I echo the clarion call for a return to all-Black, neighborhood schools. Yeah, and I am as serious about it as cyanide.

Based on a CNN report, I ask: Why should Blacks attend schools where they are unwelcomed?

I know they are unwelcomed because of the increasing number of segregated schools and neighborhoods in America, and not just in Red States. Whites buy the fiction that Blacks destroy schools and neighborhoods.

For Blacks, attaching our fortunes to white institutions has always been a bad bargain. We should build our own schools, making excellence our aim in much the way that it is for white parents.

My late father made that his.

An eighth-grade dropout, he thought his children would find excellence only at a white school. He came to that conclusion – wrongly, I would add – from remembering the wretched schools he attended as a boy in Mississippi. All were separate; all, unequal.

He sent me to a “loosely” integrated school, which I’ve talked about often once. On Day 1, I was greeted with graffiti that told me where I stood at a school of over 5,000 whites.

The graffiti struck me like a taser as I hopped off the bus I rode there. In big, white letters, someone painted on the facade: “Niggers Go Home.”

I wish I could have.

Today, our public schools are no different.

Seventy years after Brown v. Board of Education ushered in integrated education at public schools, we might need to accept the fact that the Fuller Court got it right in Plessy v. Ferguson, the 1896 decision that made “separate but equal” legal.

Despite hardships after the Plessy ruling, Blacks made their institutions work. When given funding, they built solid schools. Black educators in all-Black schools proved they could teach their youth just as effectively as white educators could teach theirs.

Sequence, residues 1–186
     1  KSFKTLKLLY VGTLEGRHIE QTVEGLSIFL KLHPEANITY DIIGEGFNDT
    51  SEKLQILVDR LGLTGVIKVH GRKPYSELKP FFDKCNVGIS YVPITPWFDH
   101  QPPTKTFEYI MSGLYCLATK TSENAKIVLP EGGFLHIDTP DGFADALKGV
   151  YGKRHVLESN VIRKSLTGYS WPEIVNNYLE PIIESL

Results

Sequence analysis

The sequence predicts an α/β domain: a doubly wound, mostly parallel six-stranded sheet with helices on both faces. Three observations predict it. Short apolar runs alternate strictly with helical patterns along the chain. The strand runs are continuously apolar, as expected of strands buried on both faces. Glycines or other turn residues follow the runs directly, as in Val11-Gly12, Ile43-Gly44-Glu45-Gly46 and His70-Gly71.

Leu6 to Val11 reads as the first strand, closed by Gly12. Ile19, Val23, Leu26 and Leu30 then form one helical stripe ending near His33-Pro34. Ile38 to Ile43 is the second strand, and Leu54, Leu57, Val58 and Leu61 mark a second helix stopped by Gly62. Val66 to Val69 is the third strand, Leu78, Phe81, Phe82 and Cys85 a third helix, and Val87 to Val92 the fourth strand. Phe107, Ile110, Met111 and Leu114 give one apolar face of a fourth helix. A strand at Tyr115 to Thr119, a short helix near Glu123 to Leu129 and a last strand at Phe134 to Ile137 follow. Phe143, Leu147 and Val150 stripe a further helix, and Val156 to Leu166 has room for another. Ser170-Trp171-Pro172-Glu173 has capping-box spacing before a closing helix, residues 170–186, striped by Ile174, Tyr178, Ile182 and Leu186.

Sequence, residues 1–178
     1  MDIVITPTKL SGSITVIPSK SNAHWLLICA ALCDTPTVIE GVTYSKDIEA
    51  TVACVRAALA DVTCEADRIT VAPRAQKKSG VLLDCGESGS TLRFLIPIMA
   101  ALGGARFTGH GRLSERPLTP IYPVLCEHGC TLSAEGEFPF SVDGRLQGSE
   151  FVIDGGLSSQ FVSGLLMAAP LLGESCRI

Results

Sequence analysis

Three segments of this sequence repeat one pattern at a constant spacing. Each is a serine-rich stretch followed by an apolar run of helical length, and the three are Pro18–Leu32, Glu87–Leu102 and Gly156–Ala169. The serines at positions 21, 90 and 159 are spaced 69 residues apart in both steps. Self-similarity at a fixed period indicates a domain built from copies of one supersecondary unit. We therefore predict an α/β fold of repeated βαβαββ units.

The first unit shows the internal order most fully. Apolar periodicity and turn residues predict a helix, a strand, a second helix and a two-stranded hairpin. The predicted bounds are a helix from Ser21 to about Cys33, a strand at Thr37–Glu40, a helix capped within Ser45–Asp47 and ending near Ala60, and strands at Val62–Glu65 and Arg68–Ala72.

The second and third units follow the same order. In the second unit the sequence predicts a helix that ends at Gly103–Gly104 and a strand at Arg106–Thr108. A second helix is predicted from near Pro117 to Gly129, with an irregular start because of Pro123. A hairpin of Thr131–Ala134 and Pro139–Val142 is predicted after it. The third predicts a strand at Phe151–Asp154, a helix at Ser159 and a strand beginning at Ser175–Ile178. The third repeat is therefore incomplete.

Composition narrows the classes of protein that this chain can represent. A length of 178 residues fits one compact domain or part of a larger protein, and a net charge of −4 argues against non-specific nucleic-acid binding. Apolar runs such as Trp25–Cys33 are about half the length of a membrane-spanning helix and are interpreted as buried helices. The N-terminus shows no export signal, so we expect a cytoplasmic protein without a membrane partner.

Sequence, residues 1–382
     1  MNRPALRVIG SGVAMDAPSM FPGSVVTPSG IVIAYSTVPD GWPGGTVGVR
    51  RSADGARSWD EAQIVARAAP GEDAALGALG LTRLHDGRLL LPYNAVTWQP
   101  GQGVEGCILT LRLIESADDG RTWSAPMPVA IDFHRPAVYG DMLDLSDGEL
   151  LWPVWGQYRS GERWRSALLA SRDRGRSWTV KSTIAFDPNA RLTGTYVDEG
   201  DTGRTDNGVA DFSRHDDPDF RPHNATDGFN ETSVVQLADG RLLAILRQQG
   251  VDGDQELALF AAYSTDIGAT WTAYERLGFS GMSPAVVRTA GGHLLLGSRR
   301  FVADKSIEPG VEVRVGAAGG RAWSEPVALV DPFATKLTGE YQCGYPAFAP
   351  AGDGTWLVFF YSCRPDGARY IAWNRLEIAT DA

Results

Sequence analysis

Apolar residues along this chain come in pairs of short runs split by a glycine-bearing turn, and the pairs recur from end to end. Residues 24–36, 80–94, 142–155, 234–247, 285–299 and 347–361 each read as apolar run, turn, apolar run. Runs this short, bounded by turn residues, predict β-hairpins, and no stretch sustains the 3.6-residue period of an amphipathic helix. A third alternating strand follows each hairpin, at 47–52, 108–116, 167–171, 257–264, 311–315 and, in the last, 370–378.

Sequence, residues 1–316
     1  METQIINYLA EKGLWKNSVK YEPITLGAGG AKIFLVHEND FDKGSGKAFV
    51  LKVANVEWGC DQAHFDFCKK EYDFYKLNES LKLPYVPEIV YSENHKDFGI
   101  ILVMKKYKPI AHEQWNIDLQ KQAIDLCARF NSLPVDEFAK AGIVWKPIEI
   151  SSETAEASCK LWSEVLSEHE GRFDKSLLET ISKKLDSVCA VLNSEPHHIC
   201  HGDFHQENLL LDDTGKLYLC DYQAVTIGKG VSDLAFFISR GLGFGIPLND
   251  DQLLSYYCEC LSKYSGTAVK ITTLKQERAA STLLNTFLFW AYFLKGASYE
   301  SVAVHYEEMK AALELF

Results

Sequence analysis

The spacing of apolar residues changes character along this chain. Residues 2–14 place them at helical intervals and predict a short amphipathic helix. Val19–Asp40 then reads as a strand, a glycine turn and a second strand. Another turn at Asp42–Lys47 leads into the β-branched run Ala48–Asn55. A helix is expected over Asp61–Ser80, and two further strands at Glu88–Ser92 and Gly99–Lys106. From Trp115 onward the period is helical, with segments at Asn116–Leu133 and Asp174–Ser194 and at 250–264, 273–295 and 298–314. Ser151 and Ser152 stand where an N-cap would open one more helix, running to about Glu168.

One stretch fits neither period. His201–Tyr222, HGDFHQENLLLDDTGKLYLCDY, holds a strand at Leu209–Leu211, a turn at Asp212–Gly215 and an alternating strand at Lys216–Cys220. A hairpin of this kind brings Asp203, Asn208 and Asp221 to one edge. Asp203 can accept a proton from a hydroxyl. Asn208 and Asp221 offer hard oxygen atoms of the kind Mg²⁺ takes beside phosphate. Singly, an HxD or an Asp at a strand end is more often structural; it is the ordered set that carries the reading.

Even more, all-Black schools created a nurturing environment that was more welcoming to Black boys and girls. None of them had to hop off a school bus and look at language so foul that it lingers in a man’s mind decades later.

Money owed Blacks can pay for these schools.

I wish I could make a case for real reparations. I cannot. For even so-called “white allies” oppose them. I will insist that, as a better-than-nothing compromise, America makes a legitimate financial commitment to educating Black children. They are its future. If we can get Black youth on equal educational footing, they might bridge the centuries of racism that kept their people from chasing and catching the American dream.

To be sure, what I am suggesting borders on heresy to many Black progressives. Yet I would counter their concerns by saying what we have done with public education – busing, federal mandates on testing, et. al – has led to perdition. Black students still achieve at lower levels than whites.

That fact alone ought to embarrass school administrators.

From my background in education, I know a commitment to excellence comes with a price tag. It is a price we must pay, particularly if “quality” public education is the great equalizer experts claim.

For if white America is not willing to pay its debt – 40 acres and a mule, plus interest – it must do well to offer Black children the same access to excellent education as white children.